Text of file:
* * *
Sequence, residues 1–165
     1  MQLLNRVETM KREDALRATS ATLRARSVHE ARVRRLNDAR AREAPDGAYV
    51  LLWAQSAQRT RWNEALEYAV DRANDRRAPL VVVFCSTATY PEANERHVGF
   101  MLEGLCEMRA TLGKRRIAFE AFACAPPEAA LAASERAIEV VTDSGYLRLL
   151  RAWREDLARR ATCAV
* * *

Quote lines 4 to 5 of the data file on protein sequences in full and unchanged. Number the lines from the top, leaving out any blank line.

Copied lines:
   101  MLEGLCEMRA TLGKRRIAFE AFACAPPEAA LAASERAIEV VTDSGYLRLL
   151  RAWREDLARR ATCAV